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 Larry Smith
Born: June 16, 1942      Died: August 12, 1973
Home: Lenoir, NC

Larry Smith , born in Lenoir, North Carolina, was a former NASCAR driver. He made his debut in the 1971 World 600 in the #92 Ford, finishing 22nd. He would go on to run three more races that year, acquiring one top-ten finish. In 1972, he was named the first NASCAR Winston Cup Rookie of the Year, running 23 races and posting seven top-ten finishes. The next year, he finally acquired major sponsorship, from Carling Black Label. Unfortunately, he was struggling severely that year and was trying to turn things around.

Untimely death following crash

Later that year, while running the Talladega 500, Smith spun his 1971 Mercury (automobile) on lap 14 and slapped the Turn 1 retaining wall. His car suffered minor damage, and his crew which the crew was repairing to return to the track. However during the ensuing caution flag, members of Smith's pit crew surprisingly discovered that the driver did not survive the impact of the crash. It is rumored, but not confirmed, that the head injuries that killed Smith came because he tore the inner-lining out of his helmet, which had been bothering him for some time. He was pronounced dead on arrival at the Talladega Superspeedway infield hospital. No other drivers were involved in the crash.

Smith is one of several drivers featured in the 1975 book The World's Number One, Flat-Out, All-Time Great Stock Car Racing Book by Jerry Bledsoe. Bledsoe describes the struggles Smith went through in his run for Rookie Of The Year in 1972.

During the 1972 NASCAR season, Carling sponsored a car driven by rookie of the year contender Larry Smith. Larry drove a jet black #92 Mercury Cyclone and went on that year to win rookie-of-the-year honors. Carling went all out during this venture with awesome looking pit crew uniforms, VIP perks, and even a cheerleader for special events known as the "Carling Darling". The next season, with Carling Black Label still sponsoring the car, but with a red paint scheme with black lettering, Larry was killed at Talladega in 1973.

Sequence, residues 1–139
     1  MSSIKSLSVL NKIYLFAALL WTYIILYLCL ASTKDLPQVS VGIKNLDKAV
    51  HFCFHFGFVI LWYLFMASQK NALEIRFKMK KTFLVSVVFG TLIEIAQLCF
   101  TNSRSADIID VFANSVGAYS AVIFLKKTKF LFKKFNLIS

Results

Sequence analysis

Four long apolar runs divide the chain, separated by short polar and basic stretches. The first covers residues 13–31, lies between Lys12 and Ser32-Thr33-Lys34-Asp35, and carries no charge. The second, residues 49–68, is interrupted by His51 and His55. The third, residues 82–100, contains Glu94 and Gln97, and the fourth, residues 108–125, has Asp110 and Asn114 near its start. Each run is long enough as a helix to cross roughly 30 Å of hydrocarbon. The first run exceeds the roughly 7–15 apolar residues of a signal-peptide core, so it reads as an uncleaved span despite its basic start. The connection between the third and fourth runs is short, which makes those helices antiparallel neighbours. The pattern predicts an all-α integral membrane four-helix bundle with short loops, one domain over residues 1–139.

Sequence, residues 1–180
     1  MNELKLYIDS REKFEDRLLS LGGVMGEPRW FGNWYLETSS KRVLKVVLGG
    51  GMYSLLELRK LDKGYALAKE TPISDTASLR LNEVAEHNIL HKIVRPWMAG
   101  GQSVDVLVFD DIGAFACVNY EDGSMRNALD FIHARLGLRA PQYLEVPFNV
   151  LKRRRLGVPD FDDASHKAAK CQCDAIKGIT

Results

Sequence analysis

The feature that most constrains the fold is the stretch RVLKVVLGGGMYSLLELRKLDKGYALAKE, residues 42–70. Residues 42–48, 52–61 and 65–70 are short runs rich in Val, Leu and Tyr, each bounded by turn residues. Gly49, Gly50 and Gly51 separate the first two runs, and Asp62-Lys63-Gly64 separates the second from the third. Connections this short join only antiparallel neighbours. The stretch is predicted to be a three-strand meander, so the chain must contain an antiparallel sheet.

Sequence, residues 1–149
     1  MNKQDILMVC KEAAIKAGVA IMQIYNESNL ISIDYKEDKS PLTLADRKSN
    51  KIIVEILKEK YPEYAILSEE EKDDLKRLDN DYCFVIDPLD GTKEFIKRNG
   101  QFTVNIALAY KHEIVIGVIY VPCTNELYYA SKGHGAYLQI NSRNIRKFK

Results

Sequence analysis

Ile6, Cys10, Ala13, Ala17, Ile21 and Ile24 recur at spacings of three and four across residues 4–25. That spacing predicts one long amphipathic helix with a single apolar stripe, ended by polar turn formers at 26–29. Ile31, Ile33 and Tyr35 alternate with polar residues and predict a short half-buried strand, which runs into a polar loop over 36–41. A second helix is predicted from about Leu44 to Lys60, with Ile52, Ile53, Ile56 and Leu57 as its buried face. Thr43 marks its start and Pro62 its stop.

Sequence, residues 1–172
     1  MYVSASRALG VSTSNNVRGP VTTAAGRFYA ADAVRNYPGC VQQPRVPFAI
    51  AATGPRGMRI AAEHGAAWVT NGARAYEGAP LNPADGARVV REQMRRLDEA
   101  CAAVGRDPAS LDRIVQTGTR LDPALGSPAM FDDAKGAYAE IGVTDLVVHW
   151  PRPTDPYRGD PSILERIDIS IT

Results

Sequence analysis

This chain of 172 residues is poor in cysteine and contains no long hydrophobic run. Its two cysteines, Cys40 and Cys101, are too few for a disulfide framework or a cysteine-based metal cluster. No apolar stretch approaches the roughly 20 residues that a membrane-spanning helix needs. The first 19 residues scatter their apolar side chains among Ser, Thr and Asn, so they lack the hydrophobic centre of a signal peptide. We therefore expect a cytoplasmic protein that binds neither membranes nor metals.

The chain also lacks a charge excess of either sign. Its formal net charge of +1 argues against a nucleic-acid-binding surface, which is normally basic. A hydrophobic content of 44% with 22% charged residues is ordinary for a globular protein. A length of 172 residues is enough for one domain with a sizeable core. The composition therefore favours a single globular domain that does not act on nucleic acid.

Just One of the Talladega Jinxs
 

All in all, drivers are relieved to leave Talladega. "It is," drivers say, "the most nerve-racking place we go."

That's because most tracks on the NASCAR circuit aren't considered jinxed. But Talladega has a history of mishaps and spectral occurrences long enough to make the most unsuperstitious driver rub his rabbit's foot.

The jinx started gathering speed in 1973 when rising star Larry Smith died in what appeared to be a minor crash on the banking. Track rumor had it that Smith had cut the protective inner lining out of his helmet to accommodate his long hair.

Larry Smith Winston Cup DRIVER Statistics

Year Age Races Win T5 T10 Pole Laps Led Earnings Rank AvSt AvFn
1971 29 4 of 48 0 0 1 0 896 0 5,058 54 24.0 19.5
1972 30 23 of 31 0 0 7 0 4320 0 24,215 23 17.2 22.3
1973 31 11 of 28 0 0 1 0 2103 0 14,090 33 26.9 24.5
3 years 38 0 0 9 0 7319 0 43,363   20.7 22.6


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